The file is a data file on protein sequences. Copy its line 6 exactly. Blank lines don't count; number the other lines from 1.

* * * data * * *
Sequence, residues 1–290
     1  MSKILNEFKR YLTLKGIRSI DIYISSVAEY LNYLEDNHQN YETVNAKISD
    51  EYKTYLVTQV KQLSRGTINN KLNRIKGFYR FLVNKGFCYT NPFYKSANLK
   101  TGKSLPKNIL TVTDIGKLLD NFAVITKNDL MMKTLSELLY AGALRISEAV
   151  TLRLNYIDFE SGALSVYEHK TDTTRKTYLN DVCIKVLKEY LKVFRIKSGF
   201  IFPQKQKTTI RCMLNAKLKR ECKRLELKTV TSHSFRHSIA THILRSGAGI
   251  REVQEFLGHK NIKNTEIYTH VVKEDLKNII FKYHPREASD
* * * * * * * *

   201  IFPQKQKTTI RCMLNAKLKR ECKRLELKTV TSHSFRHSIA THILRSGAGI